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Since the road is dusty and unsafe for pedestrians and parking cars, old-people are in trouble while moving in the streets.


Unlike her schedule for the first five years, Aynalem Worku now opens her mini-market only in the morning and after working hours in the afternoon.

At the end of last month on a weekday around noon, Ayni Mini-Market, located near Ararat Hotel in Yeka District, was closed.

Joining the grocery retail business seven years ago, the owner of the mini-market used to open the shop early in the morning and close its doors at night. However, this changed in the middle of last year.

Aynalem, who pays 4,000 Br a month for rent, excluding electric and water bills, now opens the supermarket from 7:00am to 10:00am in the morning and 4:00pm to 7:00pm in the afternoon.

Previously, her customers parked their cars at the door of the mini-market. This is not the case now, since they cannot park there because of the unfinished road widening project.

Her shop is located alongside the Ararat-Kotebe road project, which was launched in February 2017 with a budget of 534 million Br and a schedule of being completed in two and a half years.

By now, the road should have been finished; however, at this point only 30pc of the work is currently completed.

Since the road is dusty and unsafe for parking cars, Aynalem's clients are not willing to visit her shop during construction hours. The dust that blows into the shop also damages her grocery items, forcing her to close her shop during day time hours. She also laid off her two employees.

"Now, business is very slow," she said, adding that she is even borrowing money from her husband to pay the shop's rent. “The items on the shelves are getting outdated and spoiled.”

The delayed road project that has hurt Aynalem's business was awarded to two local companies after being split in two. It has a six-kilometre length and a 30m width.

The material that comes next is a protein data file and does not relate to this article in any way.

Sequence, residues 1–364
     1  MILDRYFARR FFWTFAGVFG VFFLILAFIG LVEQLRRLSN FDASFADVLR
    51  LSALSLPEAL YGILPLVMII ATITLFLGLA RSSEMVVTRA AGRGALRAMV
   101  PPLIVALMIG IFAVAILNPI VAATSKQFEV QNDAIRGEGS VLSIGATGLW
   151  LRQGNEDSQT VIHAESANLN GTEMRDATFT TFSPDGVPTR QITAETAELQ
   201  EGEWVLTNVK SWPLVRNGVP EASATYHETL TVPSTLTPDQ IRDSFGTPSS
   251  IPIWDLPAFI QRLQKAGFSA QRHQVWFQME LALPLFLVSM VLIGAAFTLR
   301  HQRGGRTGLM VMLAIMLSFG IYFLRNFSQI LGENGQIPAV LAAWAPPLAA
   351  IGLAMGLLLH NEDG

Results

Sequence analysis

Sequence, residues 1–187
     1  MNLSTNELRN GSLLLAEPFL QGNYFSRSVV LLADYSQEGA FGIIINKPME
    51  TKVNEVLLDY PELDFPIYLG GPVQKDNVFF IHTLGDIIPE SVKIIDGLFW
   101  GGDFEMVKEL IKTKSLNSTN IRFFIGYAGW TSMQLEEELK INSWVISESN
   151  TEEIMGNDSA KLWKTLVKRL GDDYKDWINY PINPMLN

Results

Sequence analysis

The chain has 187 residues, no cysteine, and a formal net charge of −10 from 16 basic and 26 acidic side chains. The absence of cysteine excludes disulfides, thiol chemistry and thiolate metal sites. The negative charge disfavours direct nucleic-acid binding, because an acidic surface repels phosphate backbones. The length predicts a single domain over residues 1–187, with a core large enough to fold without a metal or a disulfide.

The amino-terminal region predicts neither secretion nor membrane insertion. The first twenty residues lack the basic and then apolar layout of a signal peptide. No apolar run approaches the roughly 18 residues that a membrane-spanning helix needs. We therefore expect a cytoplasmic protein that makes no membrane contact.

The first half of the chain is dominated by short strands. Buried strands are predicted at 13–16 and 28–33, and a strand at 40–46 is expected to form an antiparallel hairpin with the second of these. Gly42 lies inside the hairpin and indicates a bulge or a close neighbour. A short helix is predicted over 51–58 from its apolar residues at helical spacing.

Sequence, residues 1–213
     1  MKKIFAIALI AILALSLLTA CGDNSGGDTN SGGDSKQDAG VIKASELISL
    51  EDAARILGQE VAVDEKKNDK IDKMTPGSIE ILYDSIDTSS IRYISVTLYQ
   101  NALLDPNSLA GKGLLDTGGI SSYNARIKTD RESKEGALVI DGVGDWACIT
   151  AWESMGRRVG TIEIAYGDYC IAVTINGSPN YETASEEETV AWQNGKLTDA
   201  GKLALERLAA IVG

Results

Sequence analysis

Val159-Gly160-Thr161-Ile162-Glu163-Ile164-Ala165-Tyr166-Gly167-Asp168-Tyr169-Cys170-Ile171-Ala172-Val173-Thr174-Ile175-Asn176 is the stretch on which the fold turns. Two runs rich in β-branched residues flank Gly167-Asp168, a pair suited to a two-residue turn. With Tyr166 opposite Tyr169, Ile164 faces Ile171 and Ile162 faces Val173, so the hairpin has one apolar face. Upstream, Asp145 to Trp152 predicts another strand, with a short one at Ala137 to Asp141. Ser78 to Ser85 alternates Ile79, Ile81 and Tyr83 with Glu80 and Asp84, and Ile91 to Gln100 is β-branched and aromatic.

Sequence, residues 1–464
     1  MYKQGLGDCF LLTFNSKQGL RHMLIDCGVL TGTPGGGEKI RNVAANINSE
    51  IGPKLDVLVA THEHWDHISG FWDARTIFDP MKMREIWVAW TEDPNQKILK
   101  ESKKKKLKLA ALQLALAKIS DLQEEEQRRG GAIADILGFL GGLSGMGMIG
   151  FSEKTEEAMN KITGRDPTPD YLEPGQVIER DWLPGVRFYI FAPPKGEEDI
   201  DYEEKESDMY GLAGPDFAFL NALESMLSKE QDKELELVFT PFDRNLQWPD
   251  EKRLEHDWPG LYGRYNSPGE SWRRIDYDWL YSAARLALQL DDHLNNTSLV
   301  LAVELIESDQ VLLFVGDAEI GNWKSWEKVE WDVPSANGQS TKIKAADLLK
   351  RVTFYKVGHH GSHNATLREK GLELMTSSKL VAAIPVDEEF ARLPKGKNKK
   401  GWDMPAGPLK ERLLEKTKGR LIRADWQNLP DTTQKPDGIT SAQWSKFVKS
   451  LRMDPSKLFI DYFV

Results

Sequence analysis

The first contract lot of the project, which extends from Ararat Hotel to Kotebe Metropolitan University with a 3.1Km length, was awarded to Diriba Defersha General Contractor for 273 million Br.  The company was supposed to finish the construction of the road in October 2019.

Tekleberhan Ambaye Construction Plc, another prominent local firm, was awarded the second lot that covers the 2.8Km section between Kotebe College and Kara for 261 million Br.

The project is one of the 40 active road construction projects underway in the city. Beside the Ararat to Kotebe project, several others have been delayed as well.

Multiple factors caused the delay, according to Ferehiwot Debele, operations manager of Diriba Defersha.



The Ararat-Kotebe road project was expected to be finished by now but remains only 30pc complete.


The lengthy process of mobilising the site, using the area as a marketplace by the local community, design revisions, problems with material supply and lack of skilled human resources are the major factors for the delay, according to Ferehiwot.

The contractor also faced an external problem of rights-of-way, the legal right established by usage to pass along a specific route through grounds or property belonging to another.

Tiumay Weldegebriel, communications director at the Addis Abeba City Roads Authority, which completed 22 projects in the last fiscal year and planned to launch 40 new projects this year, shares Ferehiwot's view.

Along with boundary demarcation issues, design revisions and the under-performance of contractors are the general causes of road delays, he says.

"Unless the contractors place their machines and construction equipment on the sites," says Tiumay, "residents do not voluntarily leave the premises."

The same happened with Ararat to Kotebe road.

Because of right-of-way issues, stemming from the work site running through old neighborhoods with elderly residents who do not want to comply, the district office was not able to evacuate the premises until this October, according to Tiumay.

The old road had a 14m width, but the upgrade widened it to 30m. Thus, the road passes over the boundaries of the residents, which has created tension.

There were also debates with Kotebe Metropolitan University, which will lose some part of its land to the road widening.

After settling all these in December, the construction of the road recommenced in September, almost two years after the project kicked off.


Tiumay also attributes the inefficiency of some contractors as a source of project delay. These companies have limitations in handling holes, construction waste and digging trenches, according to him.

"We receive many complaints," he said, "and we write warnings to contractors to correct the issues raised."